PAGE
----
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The Theory of a Natural Afterlife: A Newfound, Real Possibility for What Awaits Us at Death

Bryon K. Ehlmann


For centuries humans have considered just two main possibilities for what awaits us at death: a “nothingness” like that of our before-life or some type of supernatural afterlife. The theory of a natural afterlife defines a vastly different, real possibility. The natural afterlife embodies all of the sensory perceptions, thoughts, and emotions present in the final moment of a near-death, dreamlike experience. With death this moment becomes timeless and everlasting to the dying person—essentially, a never-ending experience. The relativeness and timelessness of the natural afterlife must be clearly understood to appreciate why it’s not supernatural yet indeed an afterlife and potentially the optimal heaven. The theory of a natural afterlife is now only a hypothesis; however, science, human experience, and logical deduction suggest that it’s extremely plausible and advances in science and technology could someday make it a scientific theory. This paper states the theory, describes the unconventional afterlife it defines, extensively analyzes its validity, and briefly addresses how it can significantly impact how people view death. Analytical tools, typically used for system modeling and language definition, are applied here to present an abstract model of a lifetime within time eternal. The model is used to support and explain the theory.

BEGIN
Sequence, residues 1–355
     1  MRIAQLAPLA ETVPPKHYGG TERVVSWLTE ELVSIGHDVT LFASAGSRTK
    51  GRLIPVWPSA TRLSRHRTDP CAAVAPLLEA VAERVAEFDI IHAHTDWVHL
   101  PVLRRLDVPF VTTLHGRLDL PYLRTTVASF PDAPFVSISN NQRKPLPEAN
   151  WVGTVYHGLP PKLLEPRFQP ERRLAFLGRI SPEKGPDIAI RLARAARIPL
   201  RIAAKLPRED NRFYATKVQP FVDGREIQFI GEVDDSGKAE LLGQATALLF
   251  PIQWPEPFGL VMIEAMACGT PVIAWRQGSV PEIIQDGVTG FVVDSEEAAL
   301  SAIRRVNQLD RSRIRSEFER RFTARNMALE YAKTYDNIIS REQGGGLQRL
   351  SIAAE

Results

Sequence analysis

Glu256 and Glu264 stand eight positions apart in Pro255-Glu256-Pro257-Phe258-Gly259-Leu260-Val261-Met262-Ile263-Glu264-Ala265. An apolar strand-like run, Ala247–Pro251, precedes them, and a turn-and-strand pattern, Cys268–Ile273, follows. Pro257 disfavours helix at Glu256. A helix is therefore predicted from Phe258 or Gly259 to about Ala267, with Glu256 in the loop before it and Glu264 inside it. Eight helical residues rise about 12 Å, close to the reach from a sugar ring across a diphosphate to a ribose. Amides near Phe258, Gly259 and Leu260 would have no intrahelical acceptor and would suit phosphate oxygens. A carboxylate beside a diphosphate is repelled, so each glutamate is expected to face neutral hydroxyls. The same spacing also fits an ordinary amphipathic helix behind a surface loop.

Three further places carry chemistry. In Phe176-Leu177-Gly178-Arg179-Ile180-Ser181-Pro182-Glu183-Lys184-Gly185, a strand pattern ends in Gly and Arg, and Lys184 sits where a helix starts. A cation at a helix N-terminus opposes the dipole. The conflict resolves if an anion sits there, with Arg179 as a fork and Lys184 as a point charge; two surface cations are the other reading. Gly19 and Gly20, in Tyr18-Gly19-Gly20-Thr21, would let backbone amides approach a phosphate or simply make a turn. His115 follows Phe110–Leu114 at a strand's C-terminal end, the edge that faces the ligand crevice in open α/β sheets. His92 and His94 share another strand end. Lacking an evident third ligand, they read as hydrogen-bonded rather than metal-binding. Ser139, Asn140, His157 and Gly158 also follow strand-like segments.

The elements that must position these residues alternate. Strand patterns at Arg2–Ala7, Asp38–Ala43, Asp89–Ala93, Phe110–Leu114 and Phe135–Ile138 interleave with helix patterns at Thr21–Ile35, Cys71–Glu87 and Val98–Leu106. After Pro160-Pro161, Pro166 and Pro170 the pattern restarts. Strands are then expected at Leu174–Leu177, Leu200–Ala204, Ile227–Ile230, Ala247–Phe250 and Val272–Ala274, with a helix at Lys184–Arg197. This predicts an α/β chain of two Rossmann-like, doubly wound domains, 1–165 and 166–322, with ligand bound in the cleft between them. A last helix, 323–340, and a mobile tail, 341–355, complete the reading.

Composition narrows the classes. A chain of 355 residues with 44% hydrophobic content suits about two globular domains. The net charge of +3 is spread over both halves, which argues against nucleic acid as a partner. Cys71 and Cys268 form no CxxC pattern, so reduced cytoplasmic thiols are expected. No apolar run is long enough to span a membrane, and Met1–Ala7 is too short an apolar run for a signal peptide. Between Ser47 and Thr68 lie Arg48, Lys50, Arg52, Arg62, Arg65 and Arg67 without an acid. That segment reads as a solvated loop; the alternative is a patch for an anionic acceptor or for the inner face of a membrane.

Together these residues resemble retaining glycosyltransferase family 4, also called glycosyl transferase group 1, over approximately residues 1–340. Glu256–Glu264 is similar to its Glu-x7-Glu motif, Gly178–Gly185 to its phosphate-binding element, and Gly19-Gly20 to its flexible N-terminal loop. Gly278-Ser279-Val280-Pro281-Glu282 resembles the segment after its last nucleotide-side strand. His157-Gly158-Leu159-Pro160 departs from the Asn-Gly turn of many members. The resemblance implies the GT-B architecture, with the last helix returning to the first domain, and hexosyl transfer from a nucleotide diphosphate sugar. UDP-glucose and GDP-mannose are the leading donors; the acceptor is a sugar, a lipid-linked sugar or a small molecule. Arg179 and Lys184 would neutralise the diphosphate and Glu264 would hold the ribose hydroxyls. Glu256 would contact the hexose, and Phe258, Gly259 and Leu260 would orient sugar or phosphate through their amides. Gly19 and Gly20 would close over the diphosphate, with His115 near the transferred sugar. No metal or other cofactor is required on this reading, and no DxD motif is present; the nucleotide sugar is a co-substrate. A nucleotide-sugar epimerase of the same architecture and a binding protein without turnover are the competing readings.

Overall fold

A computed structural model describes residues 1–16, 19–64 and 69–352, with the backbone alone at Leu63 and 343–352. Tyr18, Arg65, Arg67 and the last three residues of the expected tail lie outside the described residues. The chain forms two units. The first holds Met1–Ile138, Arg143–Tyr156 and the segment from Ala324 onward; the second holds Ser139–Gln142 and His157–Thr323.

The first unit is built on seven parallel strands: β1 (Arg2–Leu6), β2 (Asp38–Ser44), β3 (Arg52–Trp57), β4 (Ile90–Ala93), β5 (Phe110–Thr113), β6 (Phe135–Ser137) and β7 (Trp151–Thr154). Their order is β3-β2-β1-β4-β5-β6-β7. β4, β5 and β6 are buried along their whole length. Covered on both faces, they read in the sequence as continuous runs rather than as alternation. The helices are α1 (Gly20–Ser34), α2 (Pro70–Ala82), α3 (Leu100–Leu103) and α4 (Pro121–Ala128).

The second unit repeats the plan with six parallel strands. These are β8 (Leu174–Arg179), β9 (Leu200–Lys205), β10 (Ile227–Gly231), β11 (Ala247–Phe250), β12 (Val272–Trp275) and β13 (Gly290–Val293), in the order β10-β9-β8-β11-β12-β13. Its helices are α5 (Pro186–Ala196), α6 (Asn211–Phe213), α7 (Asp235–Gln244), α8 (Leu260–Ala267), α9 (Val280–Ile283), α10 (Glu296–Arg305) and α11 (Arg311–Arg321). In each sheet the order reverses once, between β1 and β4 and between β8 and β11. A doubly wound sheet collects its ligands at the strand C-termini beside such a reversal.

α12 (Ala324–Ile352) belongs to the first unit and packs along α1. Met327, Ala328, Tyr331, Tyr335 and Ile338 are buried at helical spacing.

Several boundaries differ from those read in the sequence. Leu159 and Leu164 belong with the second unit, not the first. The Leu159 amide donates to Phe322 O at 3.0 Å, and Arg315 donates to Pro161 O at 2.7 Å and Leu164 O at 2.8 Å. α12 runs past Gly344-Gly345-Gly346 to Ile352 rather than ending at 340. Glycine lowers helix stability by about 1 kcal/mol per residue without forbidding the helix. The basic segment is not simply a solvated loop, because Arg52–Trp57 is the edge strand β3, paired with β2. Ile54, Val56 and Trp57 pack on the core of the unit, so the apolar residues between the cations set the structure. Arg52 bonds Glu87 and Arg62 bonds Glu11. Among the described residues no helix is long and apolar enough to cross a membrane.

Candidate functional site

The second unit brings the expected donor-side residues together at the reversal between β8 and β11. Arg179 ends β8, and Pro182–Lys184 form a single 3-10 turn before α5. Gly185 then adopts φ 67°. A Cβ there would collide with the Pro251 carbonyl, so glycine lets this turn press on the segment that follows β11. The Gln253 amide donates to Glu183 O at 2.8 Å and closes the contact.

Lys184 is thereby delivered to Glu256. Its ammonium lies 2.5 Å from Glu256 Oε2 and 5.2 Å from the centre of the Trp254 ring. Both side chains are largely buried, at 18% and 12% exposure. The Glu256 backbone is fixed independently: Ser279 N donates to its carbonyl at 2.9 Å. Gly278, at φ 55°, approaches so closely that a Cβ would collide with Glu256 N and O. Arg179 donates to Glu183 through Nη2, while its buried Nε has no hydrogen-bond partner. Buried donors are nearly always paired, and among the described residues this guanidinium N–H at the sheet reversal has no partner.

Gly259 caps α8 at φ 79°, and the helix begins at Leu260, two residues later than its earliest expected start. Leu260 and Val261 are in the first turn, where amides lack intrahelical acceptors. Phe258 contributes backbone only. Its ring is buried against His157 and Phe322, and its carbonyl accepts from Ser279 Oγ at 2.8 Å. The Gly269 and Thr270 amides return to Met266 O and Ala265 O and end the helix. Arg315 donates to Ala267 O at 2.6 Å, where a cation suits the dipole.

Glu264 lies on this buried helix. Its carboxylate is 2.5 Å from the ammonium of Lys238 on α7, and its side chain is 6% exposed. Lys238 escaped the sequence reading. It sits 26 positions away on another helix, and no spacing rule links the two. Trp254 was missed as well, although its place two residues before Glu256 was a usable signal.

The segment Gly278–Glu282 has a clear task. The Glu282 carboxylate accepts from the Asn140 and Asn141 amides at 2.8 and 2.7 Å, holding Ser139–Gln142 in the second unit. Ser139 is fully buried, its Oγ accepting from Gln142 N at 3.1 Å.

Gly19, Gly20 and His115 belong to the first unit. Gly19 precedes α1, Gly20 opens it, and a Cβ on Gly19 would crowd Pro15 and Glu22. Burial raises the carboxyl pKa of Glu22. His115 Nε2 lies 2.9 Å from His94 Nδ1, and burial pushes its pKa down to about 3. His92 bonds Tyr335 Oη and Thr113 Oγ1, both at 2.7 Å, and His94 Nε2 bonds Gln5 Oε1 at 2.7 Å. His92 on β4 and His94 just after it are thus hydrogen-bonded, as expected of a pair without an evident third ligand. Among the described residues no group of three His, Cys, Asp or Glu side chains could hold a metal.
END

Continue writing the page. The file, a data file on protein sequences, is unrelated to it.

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ISSN: 2153-8212